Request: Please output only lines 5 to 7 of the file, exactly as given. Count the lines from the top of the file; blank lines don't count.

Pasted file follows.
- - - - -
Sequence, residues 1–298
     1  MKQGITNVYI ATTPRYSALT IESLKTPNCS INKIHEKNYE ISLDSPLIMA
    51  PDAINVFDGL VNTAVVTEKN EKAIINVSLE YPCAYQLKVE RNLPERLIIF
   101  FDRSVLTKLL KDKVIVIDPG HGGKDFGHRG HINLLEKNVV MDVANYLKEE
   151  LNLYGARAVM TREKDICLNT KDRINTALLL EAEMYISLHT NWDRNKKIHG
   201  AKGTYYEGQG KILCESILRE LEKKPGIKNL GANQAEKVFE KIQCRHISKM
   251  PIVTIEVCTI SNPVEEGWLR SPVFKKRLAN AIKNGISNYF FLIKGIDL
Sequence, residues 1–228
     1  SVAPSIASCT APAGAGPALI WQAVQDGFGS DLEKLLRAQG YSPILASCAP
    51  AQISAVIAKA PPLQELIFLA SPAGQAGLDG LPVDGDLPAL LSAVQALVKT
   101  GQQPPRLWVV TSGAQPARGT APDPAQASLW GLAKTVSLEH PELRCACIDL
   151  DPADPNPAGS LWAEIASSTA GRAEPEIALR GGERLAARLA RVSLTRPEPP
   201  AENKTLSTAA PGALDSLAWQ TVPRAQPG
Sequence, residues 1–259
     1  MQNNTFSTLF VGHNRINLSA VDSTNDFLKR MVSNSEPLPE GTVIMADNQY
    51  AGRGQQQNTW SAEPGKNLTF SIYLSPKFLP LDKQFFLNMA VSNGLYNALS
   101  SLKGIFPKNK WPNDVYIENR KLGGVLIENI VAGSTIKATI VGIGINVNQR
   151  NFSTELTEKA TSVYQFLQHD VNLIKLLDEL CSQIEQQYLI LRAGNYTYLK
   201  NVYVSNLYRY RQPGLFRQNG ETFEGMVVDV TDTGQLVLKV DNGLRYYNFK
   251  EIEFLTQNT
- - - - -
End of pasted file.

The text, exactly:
   151  LNLYGARAVM TREKDICLNT KDRINTALLL EAEMYISLHT NWDRNKKIHG
   201  AKGTYYEGQG KILCESILRE LEKKPGIKNL GANQAEKVFE KIQCRHISKM
   251  PIVTIEVCTI SNPVEEGWLR SPVFKKRLAN AIKNGISNYF FLIKGIDL